You may want also read a previous blog
What makes Cisco Cloud Services Application centric ?
You can also follow me on Twitter @kenowens12
Tags: ACI, cloud, cloud services, global intercloud, Hybrid Cloud, interoperability, Open, open source, OpenStack, OpFlex
At the height of an eventful week – Cloud and IoT developments, Open Source Think Tank, Linux Foundation Summit – I learned about the fate of my fellow alumnus, an upperclassman as it were, the brilliant open source developer and crypto genius known for the first transaction on Bitcoin.
Hal Finney is a Caltech graduate who went on to become one of the most dedicated, altruistic and strong contributors to open source cryptography. We are a small school in size, so one would think it’s easy to keep in touch; we try but do poorly, mostly a very friendly and open bunch, but easy to loose ourselves into the deep work at hand and sometimes miss what’s hiding in plain sight.
He was among the first to work with Phil Zimmermann on PGP, created the first reusable proof-of-work (POW) system years before Bitcoin, had just the right amount of disdain for noobs in my opinion, and years later, one of the first open source developers with Satoshi Nakamoto on Bitcoin, in fact the first transaction ever. There is a great story about Hal in Forbes this week, “My hunt for Bitcoin’s creator led to a paralyzed crypto genius“, thank you, Hal Finney for going through with it, and Andy Greenberg for writing it. Sometimes it is very painful, shocking to see how things turn out, I think this is one of those moments when we realize how much this is going to mean to all of us, the brilliant minds of programmers like Hal Finney, who never sought the limelight, but did so much for us without asking for anything in return, who leave behind a long lasting contributions to privacy and security in our society, he is in fact a co-creator of the Bitcoin project. Do you realize that every bitminer successfully providing the required POW, should in fact reach the very same conclusion at the end of every new transaction… forever? You’d better accurately represent who was the very first. What a legacy to remember!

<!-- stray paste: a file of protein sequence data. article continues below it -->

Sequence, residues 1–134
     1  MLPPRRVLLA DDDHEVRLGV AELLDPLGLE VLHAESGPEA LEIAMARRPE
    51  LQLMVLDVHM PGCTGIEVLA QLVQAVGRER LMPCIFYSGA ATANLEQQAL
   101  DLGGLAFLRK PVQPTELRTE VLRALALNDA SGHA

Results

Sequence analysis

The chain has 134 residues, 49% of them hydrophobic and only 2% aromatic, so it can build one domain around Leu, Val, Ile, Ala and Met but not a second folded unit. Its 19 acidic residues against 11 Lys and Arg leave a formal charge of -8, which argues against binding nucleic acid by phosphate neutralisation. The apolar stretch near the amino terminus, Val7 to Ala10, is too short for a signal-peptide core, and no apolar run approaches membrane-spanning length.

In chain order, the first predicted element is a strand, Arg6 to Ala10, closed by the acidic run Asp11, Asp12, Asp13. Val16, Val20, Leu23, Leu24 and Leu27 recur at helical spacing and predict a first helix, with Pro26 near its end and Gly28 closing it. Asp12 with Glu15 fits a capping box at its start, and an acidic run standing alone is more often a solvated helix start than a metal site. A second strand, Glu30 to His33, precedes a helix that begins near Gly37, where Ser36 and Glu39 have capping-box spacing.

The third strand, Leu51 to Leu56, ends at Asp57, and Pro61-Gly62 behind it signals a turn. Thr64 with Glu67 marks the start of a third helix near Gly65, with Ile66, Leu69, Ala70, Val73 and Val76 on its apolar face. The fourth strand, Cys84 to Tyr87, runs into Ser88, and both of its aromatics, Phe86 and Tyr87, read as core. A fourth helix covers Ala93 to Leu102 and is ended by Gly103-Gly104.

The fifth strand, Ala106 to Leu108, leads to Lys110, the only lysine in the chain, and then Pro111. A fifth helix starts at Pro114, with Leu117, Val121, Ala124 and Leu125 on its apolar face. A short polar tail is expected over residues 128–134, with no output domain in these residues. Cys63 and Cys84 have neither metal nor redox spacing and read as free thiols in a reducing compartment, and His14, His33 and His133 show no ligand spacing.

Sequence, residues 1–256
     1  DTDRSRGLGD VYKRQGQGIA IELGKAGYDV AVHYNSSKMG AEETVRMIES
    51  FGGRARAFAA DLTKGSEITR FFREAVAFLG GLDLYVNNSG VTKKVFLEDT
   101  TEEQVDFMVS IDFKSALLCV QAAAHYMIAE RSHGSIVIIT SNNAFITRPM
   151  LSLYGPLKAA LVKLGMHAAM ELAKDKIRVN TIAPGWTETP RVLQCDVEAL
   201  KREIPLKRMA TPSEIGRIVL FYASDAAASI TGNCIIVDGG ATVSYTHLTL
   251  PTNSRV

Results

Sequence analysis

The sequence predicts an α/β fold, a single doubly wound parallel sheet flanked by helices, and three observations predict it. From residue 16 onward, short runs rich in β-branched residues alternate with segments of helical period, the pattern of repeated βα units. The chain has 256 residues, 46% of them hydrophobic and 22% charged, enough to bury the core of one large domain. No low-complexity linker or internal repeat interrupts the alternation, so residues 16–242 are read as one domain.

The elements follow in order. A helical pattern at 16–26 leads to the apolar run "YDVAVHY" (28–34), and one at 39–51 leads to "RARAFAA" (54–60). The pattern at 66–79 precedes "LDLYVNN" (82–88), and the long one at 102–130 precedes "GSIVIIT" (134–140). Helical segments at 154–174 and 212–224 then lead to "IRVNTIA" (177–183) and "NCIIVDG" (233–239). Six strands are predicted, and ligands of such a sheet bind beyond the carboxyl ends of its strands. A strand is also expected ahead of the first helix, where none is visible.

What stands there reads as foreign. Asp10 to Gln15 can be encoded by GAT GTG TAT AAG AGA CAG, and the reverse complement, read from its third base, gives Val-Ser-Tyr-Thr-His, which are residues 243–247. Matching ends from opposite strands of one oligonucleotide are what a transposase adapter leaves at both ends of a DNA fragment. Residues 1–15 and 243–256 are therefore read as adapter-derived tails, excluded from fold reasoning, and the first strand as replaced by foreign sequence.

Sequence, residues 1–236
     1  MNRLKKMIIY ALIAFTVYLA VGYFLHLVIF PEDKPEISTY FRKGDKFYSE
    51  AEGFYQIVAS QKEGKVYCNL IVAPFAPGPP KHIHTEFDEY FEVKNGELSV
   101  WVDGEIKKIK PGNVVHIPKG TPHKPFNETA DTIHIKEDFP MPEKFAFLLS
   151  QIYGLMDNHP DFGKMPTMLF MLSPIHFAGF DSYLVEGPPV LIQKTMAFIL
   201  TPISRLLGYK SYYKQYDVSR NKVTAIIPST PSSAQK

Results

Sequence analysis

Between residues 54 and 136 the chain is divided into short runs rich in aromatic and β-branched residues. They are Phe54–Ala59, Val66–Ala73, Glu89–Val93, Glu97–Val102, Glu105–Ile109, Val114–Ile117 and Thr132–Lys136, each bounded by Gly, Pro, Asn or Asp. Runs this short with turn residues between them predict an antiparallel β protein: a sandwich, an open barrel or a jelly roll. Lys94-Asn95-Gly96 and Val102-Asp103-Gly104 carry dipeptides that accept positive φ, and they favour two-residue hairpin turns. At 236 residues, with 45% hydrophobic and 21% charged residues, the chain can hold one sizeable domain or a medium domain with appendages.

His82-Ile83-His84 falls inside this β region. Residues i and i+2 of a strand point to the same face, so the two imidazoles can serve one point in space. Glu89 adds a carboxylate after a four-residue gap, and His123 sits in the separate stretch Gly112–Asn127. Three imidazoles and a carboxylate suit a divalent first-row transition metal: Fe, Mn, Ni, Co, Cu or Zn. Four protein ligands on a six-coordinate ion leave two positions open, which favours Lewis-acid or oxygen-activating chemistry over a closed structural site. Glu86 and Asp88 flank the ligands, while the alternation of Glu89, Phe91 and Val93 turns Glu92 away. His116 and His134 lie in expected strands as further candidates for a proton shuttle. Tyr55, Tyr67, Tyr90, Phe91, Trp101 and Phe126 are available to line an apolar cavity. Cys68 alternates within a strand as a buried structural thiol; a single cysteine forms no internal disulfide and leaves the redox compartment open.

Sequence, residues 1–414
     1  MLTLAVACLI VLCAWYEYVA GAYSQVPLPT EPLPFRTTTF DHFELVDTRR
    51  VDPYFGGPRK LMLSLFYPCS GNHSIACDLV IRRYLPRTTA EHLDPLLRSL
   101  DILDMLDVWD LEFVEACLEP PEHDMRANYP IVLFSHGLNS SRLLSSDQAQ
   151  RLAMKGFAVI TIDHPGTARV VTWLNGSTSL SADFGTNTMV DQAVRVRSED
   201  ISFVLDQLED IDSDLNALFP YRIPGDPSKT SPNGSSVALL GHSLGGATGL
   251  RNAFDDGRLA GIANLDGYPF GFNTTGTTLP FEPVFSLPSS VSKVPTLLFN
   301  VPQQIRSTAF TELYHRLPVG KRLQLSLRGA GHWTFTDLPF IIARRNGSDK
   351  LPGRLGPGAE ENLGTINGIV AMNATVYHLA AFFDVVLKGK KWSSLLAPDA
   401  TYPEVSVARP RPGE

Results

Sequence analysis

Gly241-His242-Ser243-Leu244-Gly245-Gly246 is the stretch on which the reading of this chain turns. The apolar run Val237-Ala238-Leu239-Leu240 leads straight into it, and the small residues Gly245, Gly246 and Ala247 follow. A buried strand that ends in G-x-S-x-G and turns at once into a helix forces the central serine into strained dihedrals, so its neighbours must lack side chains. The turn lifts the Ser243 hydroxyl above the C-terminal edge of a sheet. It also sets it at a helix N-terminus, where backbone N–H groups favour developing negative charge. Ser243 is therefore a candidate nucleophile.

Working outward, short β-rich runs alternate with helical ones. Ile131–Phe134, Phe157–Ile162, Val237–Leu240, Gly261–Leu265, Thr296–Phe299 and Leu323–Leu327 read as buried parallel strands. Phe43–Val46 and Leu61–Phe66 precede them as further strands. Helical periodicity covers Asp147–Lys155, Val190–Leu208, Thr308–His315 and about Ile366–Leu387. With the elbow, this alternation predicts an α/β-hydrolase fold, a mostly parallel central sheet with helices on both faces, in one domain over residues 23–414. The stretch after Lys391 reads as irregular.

I often go to Santa Barbara to see a very, very close and dear person there, my daughter. But now, there is another reason to stop by and pay tribute to one of the finest there. We will all be in search of the first transaction, eventually.
Tags: BitCoin, bitminer, Caltech, crypto, cryptography, digital currency, digital wallet, Hal Finney, open source, PGP, Phil Zimmermann, POW, privacy, proof of work, reusable POW, Satoshi, Satoshi Nakamoto, security